With the present system, each configuration element may be a unique file. Such that in the above example `host` would be a directory, and would contain, as an example, a file named `ip-address` and optionally a file named `port`. For a shell script to change just the hostname, it would do "echo $NEW_HOSTNAME > host/ip-address". Likewise, to get the value, it could just read the file and not worry about parsing/splitting up the values. However, the `configuration file` presented to software components would appear to contain `host=10.10.10.10:8080`.
 In trivial deployment cases, the present system might occupy more storage space than a simple set of configuration files. However, the present system is aimed at non-trivial deployment cases where there are many, perhaps dozens, of distinct, separate configuration files within a deployment that must be managed, and where ACID semantics and the ability to rollback configuration changes, or switch between multiple configuration profiles, is desired.
 In such a scenario, the amount of configuration information, particularly if it is shared between software components, might end up being small compared to the boilerplate/configuration file format. For instance, XML has a reputation for being `bloated` and excessively verbose. If one looks at, as an example `<serveraddr><ipaddr>10.10.10.10</ipaddr><port>80- 80</port></serveraddr>`, this uses 70 bytes (not counting any optional whitespace) but the interesting and configurable data is limited to 15 bytes. Nearly 80% of the storage is boilerplate and formatting.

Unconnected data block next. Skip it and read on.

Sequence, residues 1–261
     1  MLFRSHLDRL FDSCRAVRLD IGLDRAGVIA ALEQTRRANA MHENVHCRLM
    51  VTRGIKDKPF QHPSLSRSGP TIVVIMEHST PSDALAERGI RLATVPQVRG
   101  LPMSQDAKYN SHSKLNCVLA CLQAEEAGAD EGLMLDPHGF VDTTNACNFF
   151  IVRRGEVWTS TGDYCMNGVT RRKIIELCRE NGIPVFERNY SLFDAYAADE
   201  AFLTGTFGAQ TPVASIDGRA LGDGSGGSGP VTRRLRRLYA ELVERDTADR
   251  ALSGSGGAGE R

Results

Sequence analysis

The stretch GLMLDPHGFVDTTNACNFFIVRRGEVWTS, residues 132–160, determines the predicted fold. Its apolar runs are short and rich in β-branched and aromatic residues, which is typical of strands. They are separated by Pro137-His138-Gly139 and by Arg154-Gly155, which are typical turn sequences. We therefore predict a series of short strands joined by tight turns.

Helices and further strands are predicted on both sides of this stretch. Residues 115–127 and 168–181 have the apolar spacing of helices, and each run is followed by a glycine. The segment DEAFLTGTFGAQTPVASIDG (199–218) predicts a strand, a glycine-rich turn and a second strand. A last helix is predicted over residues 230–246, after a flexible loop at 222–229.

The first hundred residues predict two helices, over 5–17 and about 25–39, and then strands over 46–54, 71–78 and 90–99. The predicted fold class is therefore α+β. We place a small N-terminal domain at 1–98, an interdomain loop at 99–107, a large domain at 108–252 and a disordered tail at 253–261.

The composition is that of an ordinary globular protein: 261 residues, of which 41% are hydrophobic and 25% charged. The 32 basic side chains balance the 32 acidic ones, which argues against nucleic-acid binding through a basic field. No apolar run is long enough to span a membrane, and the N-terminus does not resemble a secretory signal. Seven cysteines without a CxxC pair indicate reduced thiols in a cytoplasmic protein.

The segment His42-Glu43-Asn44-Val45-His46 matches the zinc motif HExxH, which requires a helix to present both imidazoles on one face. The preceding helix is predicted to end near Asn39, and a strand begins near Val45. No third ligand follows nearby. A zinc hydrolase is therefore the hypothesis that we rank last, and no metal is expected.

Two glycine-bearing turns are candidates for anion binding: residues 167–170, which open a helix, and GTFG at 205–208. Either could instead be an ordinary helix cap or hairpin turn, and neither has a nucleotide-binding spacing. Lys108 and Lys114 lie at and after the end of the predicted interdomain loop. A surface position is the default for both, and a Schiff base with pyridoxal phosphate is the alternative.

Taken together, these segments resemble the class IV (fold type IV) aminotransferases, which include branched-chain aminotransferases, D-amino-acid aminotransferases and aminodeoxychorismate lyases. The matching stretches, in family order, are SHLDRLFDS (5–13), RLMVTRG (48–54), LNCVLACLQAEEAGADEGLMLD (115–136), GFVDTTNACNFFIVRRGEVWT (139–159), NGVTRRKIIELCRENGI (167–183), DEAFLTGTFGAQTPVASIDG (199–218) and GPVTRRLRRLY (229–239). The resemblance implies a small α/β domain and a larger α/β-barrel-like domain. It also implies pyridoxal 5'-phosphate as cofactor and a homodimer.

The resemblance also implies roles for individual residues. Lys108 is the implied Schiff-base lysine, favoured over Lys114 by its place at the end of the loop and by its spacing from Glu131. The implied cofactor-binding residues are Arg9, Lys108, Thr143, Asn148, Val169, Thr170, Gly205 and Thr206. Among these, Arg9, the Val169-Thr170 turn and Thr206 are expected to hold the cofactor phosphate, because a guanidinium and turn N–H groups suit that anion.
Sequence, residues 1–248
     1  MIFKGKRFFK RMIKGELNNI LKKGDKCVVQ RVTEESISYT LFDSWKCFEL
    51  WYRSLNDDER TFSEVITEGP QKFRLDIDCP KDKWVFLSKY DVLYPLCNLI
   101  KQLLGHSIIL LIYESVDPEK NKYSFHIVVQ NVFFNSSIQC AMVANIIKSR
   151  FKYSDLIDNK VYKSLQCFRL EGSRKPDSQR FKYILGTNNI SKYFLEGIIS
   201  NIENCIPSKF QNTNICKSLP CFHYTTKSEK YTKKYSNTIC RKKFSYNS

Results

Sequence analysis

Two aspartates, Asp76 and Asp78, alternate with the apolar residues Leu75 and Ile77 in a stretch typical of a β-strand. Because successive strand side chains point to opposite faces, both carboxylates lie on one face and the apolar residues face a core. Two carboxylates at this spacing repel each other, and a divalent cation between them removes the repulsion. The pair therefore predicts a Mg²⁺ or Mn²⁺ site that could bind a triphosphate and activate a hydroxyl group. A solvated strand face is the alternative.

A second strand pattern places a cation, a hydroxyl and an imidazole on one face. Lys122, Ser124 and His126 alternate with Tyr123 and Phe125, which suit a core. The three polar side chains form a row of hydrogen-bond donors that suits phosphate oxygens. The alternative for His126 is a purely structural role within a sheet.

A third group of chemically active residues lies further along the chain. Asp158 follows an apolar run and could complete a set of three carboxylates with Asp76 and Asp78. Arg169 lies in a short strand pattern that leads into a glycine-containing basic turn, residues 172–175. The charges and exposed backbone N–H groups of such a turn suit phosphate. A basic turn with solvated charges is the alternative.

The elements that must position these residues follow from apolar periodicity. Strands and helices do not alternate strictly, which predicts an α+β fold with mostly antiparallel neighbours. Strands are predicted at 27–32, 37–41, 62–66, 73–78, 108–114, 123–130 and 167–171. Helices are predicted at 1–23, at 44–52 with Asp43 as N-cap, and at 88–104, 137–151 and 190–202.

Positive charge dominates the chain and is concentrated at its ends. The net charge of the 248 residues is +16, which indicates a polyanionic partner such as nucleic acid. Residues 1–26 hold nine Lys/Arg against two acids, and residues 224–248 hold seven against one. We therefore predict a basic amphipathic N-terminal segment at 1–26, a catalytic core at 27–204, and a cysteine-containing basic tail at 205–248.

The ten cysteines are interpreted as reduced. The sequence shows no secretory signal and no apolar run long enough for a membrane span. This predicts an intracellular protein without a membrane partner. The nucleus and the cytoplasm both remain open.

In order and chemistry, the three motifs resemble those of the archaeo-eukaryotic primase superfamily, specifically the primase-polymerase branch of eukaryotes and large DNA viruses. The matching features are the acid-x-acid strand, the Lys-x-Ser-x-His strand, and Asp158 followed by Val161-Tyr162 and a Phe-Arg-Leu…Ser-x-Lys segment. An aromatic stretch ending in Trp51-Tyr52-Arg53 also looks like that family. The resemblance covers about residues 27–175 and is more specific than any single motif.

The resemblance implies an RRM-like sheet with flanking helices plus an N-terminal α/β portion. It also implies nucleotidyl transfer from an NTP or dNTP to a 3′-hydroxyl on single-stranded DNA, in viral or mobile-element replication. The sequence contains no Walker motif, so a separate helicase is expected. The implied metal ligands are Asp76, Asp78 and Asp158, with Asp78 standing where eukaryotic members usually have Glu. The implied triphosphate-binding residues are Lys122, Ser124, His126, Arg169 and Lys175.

With the proposed system, the boilerplate and formatting could be stored as a template. Assuming the template configuration file takes roughly the same space as the original, then the template plus data adds up to a bit under 120% of the base storage. However, each additional version or rollback configuration only requires the storage for the ˜20% of configuration data which actually changes. Without the proposed system, and just using multiple copies of configuration files, storing two configuration profiles would require twice the storage of one configuration. However, by the above example, the present system allows roughly five different configuration profiles to be stored in the space of two sets of complete configuration files.